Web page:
“Continuous quality improvement.” That’s parenting, in a nutshell. You don’t worry so much about process, but on future outcomes.
I’m trying something with our son… As I mentioned earlier my husband wonders if our son is quick to turn on tears because of the subsequent positive reinforcement. I think he might be right. When our son cries, I invariably ask, “Do you need a hug? What’s wrong? Tell me so that I can help you.” That’s great when there’s an actual problem to be solved. But sometimes, there was no discernible problem.
And sometimes, I forget to hug, generally. I give hugs and kisses good night, but not really during the day… maybe that’s not enough.
So, I’ve been randomly hugging and snuggling my tall, lanky, densely packed five-year-old boy for the past several days. I do it when he’s content, when he’s playing, when he’s being a goofball, when I notice his sister and he are playing nicely. He is eating it up. Sometimes I look at him from across the room and just hold my arms out and he drops all his toys to run to me and hug me so hard. It slays me.
We went out to dinner last night, and as he waited for his meal, his face took on this familiar look… very near a whiny, mopey look, but not quite. He was just feeling a little impatient, and was trying to be cool about it. I caught his eye and gave him an air kiss from across the table. He smiled and went back to coloring his kids’ menu placemat.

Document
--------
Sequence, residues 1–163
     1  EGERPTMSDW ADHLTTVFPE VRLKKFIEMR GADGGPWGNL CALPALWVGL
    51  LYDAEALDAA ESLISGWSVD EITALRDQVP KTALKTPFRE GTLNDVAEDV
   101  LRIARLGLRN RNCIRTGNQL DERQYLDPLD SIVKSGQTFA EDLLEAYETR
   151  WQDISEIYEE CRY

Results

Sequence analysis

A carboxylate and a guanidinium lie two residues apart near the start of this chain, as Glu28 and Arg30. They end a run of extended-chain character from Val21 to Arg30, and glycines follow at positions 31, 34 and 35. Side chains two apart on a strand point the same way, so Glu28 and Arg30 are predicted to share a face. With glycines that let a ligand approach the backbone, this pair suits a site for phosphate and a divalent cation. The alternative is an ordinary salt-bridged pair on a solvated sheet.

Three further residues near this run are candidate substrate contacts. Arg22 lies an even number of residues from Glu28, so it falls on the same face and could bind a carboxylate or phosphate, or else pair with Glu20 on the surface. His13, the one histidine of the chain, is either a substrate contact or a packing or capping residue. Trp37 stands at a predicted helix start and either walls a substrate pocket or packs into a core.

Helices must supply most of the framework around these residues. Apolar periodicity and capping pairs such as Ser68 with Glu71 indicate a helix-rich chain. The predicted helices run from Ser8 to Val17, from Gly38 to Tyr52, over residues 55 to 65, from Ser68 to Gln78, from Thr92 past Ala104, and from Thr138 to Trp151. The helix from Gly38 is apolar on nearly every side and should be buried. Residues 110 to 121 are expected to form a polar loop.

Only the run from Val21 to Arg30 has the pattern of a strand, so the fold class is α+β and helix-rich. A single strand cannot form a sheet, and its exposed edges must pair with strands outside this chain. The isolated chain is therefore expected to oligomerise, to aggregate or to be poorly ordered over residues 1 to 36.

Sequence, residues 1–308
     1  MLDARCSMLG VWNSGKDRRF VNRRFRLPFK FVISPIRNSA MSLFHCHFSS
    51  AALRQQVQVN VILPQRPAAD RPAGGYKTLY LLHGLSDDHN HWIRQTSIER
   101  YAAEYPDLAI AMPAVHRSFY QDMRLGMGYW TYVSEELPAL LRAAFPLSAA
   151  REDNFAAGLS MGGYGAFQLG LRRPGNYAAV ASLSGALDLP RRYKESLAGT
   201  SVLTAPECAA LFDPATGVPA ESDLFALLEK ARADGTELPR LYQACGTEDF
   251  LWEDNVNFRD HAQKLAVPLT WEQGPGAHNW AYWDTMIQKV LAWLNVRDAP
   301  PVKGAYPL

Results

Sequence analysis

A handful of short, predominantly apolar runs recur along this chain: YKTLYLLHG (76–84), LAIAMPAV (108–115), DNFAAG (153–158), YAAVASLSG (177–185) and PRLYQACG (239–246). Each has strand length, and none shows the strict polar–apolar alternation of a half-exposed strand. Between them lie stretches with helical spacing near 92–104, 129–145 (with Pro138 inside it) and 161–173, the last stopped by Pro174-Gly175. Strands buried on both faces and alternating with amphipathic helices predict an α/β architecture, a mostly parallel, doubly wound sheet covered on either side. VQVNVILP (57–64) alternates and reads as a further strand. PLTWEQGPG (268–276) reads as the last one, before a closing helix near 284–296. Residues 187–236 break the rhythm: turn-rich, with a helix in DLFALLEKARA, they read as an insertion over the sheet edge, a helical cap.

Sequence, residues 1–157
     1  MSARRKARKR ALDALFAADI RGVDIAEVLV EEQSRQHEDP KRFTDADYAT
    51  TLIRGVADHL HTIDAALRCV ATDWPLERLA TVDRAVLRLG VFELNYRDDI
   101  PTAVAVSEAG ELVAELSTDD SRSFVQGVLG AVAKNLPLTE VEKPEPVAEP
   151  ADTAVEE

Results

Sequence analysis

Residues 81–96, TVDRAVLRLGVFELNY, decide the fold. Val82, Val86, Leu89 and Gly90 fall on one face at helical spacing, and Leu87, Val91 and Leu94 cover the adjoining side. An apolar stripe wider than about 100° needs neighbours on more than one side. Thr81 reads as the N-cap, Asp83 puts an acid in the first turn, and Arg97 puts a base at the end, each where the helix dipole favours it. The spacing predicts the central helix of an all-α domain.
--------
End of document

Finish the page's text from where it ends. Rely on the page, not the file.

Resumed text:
Last night they read stories before bed, and our son climbed in my lap and sat there for 15 minutes. I snuggled and tickled and we listened to his sister read. I could actually feel his breathing slow down, his heart rate decelerate… When it was time for bed, he did so quite happily. Just trotted off to sleep, with not even a second of good-humored protest or bargaining or stalling.
He hasn’t made a whiny sound in days. No tears for attention.
I nearly forgot he was a little boy, just five. I forgot he’s not like his sister, who is more like a cat–she gives you attention when she wants to, and is far more independent in her play. Our son is more like a puppy–he craves attention and almost always wants a buddy.
How did I forget that? It shames me.
Okay. Enough of the self-flagellation. We have two great kids. They need very little. And I have more than enough to give: day by day, hug by hug.